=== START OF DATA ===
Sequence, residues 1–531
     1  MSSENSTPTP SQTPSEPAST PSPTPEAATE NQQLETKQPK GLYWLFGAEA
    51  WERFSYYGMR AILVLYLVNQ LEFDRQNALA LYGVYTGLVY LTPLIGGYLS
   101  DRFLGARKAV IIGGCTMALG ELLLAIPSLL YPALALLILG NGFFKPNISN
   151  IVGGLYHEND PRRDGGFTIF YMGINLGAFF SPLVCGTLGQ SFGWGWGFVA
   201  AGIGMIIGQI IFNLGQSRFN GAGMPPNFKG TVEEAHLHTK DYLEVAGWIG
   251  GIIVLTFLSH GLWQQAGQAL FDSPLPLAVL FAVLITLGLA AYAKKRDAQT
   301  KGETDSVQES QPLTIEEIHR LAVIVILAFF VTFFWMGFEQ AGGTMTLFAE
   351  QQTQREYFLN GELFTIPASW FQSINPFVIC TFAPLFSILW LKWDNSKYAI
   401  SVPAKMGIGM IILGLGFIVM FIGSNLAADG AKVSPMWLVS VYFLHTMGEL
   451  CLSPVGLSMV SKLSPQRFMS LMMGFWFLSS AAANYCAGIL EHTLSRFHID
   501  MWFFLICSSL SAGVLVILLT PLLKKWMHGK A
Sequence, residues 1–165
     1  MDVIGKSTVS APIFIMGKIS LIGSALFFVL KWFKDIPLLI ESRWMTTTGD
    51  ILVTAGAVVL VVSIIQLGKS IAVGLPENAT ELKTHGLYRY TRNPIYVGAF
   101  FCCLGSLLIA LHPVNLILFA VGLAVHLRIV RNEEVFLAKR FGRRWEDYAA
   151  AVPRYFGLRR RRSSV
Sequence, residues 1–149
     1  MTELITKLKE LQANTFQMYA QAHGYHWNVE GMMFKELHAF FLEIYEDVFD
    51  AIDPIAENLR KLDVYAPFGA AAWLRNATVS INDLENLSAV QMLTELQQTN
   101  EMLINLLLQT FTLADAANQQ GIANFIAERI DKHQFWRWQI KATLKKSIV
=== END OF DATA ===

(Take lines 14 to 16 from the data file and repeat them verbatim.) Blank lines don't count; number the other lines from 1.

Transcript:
     1  MDVIGKSTVS APIFIMGKIS LIGSALFFVL KWFKDIPLLI ESRWMTTTGD
    51  ILVTAGAVVL VVSIIQLGKS IAVGLPENAT ELKTHGLYRY TRNPIYVGAF
   101  FCCLGSLLIA LHPVNLILFA VGLAVHLRIV RNEEVFLAKR FGRRWEDYAA